This conclusion shows clearly that:

So far we defined the geometric images of chemical objects and clarified some basic aspects of the relation between chemistry and geometry. This allows us to make another important step toward the real geometrization of the language of chemistry. So, the notions equivalency and similarity of geometric figures play a basic role in geometry. That is why we shall define in a general form an entirely geometric criterion for equivalency of chemical objects (i.e. of chemical figures in VS(6)):

Criterion for chemical equivalency: Two chemical objects A and B are equivalent then and only then when there exists such a combination  of translations and rotations in the ordinary physical space VE(3) that transforms the geometrical image  in VS(6) of A into the geometrical image  in VS(6) of B.

This entirely geometric criterion for equivalency is valid for both simple and complex chemical objects and can be expressed mathematically in the following way:

A B , such that 
(1) 

where:  and  are chemical points if A and B are simple chemical objects and  are chemical graphs if A and B are complex chemical objects is the operator of translation at a distance a along the u-dimension of VE(3);  is the operator of translation at a distance b along the v-dimension of VE(3);  is the operator of translation at a distance c along the w-dimension of VE(3);  are operators of rotation by angles a, b and g in VE(3).

From the formulated criterion for equivalency it becomes clear that:

1. The equivalent (i.e. the equal within to translations and rotations in VE(3)) chemical figures differ from one another only in their first triad of coordinates defining the position in VE(3) of the corresponding chemical objects, represented geometrically through the corresponding chemical figures.

2. If in transforming the geometrical image of a complex chemical object into that of another one, beside translations and rotations in VE(3), operations of reflection in VE(3) are also used, one considers these complex chemical objects as non-equivalent from a chemical point of view. (Examples for complex chemical objects, whose geometrical images are transformed from one into another through operations of reflection in VE(3), are the left- and right-orientated quartz, sugar, etc.)

After we defined the basic geometrical notion equivalency for arbitrary chemical figures, we should explicitly emphasize that the problem of geometric definition of the notion similarity for chemical figures (i.e. the problem of geometric formulation of a criterion for similarity of chemical objects) is much more complex. We consider this problem as well as the closely related to it problem of studying these transformations in the space of chemical structures VS(6), which are possible from the chemical point of view (i.e. which describe possible chemical processes), are to be solved quite further in the process of geometrization of the language of chemistry. However, we should explicitly note that before formulating mathematically any criterion for similarity of chemical objects, one must clarify in the field of chemistry itself the problem "when two chemical objects can be considered as similar chemically?". In other words, in chemistry itself one must firstly clarify in a logically correct manner the problem of the chemical similarity. Only then, one may think about formulating a mathematical (and in particular geometrical) criterion for similarity of chemical objects. In our opinion, as starting point in a future clarification of the problem of the chemical similarity one could accept the following statement:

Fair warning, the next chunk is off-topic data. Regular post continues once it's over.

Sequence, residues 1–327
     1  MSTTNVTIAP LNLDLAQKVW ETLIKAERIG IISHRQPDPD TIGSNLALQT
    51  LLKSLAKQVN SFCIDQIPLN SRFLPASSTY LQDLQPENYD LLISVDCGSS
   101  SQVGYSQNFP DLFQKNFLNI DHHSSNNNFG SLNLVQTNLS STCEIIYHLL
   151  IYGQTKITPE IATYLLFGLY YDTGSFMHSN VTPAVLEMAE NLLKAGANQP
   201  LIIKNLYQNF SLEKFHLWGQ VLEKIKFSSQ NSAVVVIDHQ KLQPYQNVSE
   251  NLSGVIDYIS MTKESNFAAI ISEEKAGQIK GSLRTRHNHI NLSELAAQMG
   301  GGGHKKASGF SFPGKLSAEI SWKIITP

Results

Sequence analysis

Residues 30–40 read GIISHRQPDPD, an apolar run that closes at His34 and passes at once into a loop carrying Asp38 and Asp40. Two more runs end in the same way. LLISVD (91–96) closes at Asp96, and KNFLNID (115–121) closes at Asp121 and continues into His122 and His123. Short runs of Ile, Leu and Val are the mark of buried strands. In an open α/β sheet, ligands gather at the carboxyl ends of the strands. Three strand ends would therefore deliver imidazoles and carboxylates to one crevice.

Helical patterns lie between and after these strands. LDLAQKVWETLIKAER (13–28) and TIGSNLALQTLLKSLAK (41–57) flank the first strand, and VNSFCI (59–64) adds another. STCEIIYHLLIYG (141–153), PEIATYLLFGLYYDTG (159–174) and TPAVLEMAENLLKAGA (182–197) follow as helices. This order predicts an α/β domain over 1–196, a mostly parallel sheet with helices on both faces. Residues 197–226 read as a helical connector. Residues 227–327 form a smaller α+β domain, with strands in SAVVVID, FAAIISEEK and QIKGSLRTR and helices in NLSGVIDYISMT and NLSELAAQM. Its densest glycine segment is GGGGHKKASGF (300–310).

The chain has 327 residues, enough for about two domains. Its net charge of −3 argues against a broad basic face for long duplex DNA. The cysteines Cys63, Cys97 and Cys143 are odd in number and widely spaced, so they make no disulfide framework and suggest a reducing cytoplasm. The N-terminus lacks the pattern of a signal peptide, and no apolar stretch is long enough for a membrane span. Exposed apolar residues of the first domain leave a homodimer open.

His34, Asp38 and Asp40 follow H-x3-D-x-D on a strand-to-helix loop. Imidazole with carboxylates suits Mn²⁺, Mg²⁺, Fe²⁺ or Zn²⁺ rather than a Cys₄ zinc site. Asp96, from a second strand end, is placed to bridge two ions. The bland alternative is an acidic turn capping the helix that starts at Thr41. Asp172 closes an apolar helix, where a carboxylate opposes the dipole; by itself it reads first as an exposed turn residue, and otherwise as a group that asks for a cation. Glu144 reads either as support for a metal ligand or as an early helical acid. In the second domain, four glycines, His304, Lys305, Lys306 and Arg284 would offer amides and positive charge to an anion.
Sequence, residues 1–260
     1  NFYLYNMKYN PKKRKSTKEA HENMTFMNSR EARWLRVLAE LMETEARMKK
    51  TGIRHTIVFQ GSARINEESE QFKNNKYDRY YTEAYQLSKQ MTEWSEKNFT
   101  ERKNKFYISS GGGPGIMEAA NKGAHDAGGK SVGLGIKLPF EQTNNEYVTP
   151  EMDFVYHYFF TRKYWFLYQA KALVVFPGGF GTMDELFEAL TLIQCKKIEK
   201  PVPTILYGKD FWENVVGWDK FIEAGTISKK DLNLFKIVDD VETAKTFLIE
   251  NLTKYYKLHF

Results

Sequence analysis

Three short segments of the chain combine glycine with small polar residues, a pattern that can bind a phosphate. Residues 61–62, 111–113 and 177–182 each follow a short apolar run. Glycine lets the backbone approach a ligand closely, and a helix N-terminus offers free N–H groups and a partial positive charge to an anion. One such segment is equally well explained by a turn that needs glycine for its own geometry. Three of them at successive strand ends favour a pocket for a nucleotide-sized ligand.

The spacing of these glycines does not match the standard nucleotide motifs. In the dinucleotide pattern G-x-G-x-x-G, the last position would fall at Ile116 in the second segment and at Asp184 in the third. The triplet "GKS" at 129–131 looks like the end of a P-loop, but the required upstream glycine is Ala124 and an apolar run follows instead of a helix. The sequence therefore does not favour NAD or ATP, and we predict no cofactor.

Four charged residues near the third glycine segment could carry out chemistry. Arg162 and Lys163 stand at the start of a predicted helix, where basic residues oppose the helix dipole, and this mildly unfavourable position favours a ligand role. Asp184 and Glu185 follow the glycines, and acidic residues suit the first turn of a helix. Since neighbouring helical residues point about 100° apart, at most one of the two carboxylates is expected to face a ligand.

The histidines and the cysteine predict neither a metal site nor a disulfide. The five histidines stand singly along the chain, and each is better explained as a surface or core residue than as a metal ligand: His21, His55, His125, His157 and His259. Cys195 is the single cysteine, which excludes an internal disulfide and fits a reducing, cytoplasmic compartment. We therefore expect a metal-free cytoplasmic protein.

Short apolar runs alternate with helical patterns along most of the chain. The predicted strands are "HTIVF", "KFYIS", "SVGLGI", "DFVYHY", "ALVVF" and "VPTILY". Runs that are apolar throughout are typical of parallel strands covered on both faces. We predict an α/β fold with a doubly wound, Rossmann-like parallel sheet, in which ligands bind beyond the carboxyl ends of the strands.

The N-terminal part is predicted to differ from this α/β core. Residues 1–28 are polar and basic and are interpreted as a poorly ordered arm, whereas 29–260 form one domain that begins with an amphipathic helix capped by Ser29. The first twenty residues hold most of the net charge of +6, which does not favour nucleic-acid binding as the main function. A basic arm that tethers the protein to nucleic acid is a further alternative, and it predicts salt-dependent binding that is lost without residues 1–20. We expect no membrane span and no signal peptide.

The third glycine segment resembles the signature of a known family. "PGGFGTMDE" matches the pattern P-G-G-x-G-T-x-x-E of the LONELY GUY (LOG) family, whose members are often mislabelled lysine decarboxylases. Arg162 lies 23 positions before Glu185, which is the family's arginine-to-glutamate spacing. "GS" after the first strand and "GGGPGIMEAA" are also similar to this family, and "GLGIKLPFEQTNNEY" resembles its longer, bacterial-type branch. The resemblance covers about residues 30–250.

HYPOTHESIS: Two complex chemical objects are assumed as chemically similar, if:

We shall finish the short analysis of the connection between the chemistry and geometry by some more important conclusions. So, the set of all chemical points (both free and bonded in chemical graphs) in an arbitrary volume V in the ordinary physical space V(3) (VVE(3)) is always discrete and finite. On the other hand, in discrete mathematics (which plays the role of theoretical basis of informatics) one has used both the so called discrete geometries5 and graphs theory. From these statements and from the aforesaid consideration the following conclusions result:

CONCLUSION IV: The discrete mathematics will possibly play also the role of theoretical basis of a future entirely mathematical reformulation of the language of chemistry.

CONCLUSION V: The reformulation of the language of chemistry in the terms of discrete mathematics will substantially simplify and accelerate the widespread usage in chemistry of powerful cybernetic methods and technologies, both theoretical and applied.

The latter conclusion is confirmed also by the fact that there is a quite clear relation between the method for construction of unique mathematical images of simple chemical objects, proposed in the framework of this project, and the cybernetic problem for recognition of images (i.e. the taxonomic problem in cybernetics).